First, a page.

Industry poses threat to water
Officials try to bolster regional control
By Tom Henry
The Toledo Blade
Great Lakes governors and premiers hope to strengthen
regional control over the worldís largest source of fresh
surface water in the coming year to head off any proposals
to divert water to other parts of North America or the
But the leaders of Ohio, Michigan, and six other U.S.
states as well as the two Canadian provinces bordering
the Great Lakes could find that the intensive legal maneuvering
they began in earnest two summers ago soon will be challenged
- if not downright obstructed - by industry.
"Thereís a great interest on industryís part of
reopening all of this," said George Kuper of the
Council of Great Lakes Industries about an agreement known
as Annex 2001, which attempts to limit water usage from
the lakes to near-shoreline communities. The Ann Arbor-based
council represents some of the regionís largest employers.
Mr. Kuper claims state and provincial leaders were steered
into the agreement by "bum legal advice" they
received after a small company called the Nova Group made
history in 1998 by securing a permit from Ontario to ship
up to 156 million gallons of Lake Superior water a year
for sale to Asian markets.
That amount would have been hardly a drop in Lake Superiorís
enormous bucket: The lake system loses more water than
that to evaporation every 24 hours. But the Nova case
triggered a precedent over water rights because it was
the first time a permit had been granted for such a bulk
transport or diversion.
Engineering studies have been done over the years to
explore the possibility of diverting Great Lakes water
to the arid Southwest and other regions - only to stop
dead in their tracks because of political pressure and
Nova eventually relinquished its permit but not its right
to renew its effort if such projects are ever sanctioned.
The Annex 2001 agreement is a vehicle governors and premiers
have chosen in hopes of keeping that scenario from being
Officials began working on the document in 1999 after
legal experts told them the Nova case demonstrated how
vulnerable the Great Lakes could be to changes in international
law, especially under the North American Free Trade Agreement.
The experts warned that water - like oil and timber -
arguably could be viewed as a tradable commodity on global
Annex 2001 would update a 1985 nonbinding charter that
Great Lakes governors had signed among themselves to limit
water diversions and withdrawals. The new Annex document
would include the premiers of Quebec and Ontario.
The 1985 charter - viewed by some experts as a "gentlemenís
agreement" - was reinforced by Congress in 1986 with
passage of a law that has more teeth, the Water Resources
Development Act. It requires any diversion outside the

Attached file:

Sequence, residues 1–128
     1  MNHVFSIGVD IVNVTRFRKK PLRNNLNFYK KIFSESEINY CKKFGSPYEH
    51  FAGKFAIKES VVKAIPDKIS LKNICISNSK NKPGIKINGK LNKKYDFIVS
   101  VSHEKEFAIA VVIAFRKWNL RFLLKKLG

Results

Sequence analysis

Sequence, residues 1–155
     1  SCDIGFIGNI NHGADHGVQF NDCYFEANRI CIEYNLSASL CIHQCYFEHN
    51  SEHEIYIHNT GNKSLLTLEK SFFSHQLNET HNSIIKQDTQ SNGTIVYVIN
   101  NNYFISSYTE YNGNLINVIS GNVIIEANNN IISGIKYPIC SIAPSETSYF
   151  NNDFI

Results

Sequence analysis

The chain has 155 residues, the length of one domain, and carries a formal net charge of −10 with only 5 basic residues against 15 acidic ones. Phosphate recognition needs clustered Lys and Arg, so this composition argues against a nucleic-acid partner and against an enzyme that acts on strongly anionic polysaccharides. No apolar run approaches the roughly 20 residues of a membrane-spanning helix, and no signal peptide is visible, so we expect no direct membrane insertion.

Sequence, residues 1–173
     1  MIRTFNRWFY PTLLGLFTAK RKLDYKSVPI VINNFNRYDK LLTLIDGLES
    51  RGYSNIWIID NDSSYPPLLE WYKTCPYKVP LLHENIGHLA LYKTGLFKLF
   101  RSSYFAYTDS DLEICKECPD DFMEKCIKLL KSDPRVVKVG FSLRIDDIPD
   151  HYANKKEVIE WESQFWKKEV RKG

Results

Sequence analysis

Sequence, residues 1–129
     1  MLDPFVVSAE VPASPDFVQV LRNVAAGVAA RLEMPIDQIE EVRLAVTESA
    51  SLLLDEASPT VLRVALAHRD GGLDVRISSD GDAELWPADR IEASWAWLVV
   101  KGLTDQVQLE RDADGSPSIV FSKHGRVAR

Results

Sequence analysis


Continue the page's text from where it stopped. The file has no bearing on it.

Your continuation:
Great Lakes to be approved by each of the Great Lakes
The governors and premiers held a summit on June 18,
2001, in Niagara Falls to pledge that they would move
forward with the annex. They gave themselves three years
to work out details. A final draft is expected to be released
for three months of public comment this fall, with the
final signing expected by June 18, 2004.
Annex 2001 goes beyond simply putting limits on exports
and withdrawals. The proposed agreement would require
new users to return as much water as they take out, with
the quality of whatís returned resulting in a net-effect
improvement on the system.
"Itís more innovative than just ĎDo no harm,í"
said Cameron Davis, executive director of the Chicago-based
Lake Michigan Federation environmental group.
But to Mr. Kuper, itís also vague. Taken literally, he
said, it could inhibit large water users - such as large
manufacturers or power plants - from building along the
"If thereís a question if youíre ever going to get
your water permit, youíre not going to build your plant
in the Great Lakes region," Mr. Kuper said.
Russ Van Herik, executive director of the Great Lakes
Protection Fund, a $100 million endowment that Great Lakes
states established years ago to help fund research, called
Mr. Kuperís argument an industry scare tactic and said
the annex will not impede new construction.
He said Annex 2001 is important for national leaders
in Washington and Ottawa to know that lake-water usage
issues can be resolved at the regional level. Control
will become more important as the Earthís population continues
to expand and the effects of global warming deplete fresh
water supplies this century, officials said.
Mr. Davis pointed out that water rights are especially
controversial in this part of North America because the
Great Lakes are used for far more than drinking water
or irrigation. They are vital to the regionís manufacturing
hub, as well as its tourism and the fish ecology that
supports the recreation base of its economy.
"The issue is not if we are going to run out of
water," he said. "The issue is one of distribution
- whoís got it, who doesnít, and how itís going to be
Frank Quinn, a National Oceanic and Atmospheric Administration
hydrologist who has studied Great Lakes water levels since
the early 1960s, said the idea of diverting Great Lakes
water to the Southwest or even the closer, heavily-populated
Northeast is not far-fetched.
"The Northeast is perennially short of water. It
would be relatively easy to take water out of Lake Ontario
and put it in the Hudson River," he said.
Whether itís the Northeast or the Southwest, any pressure
to divert water outside the region likely will come from
the United States - not Canada - according to David de
Launay, director of the lands and waters branch of the
Ontario Ministry of Natural Resources. The country not
only has vast water resources, but 9.5 million of its
11 million people live within the Great Lakes basin.
Canada wants nothing to do with any effort to "re-engineer
the plumbing of North America," he said.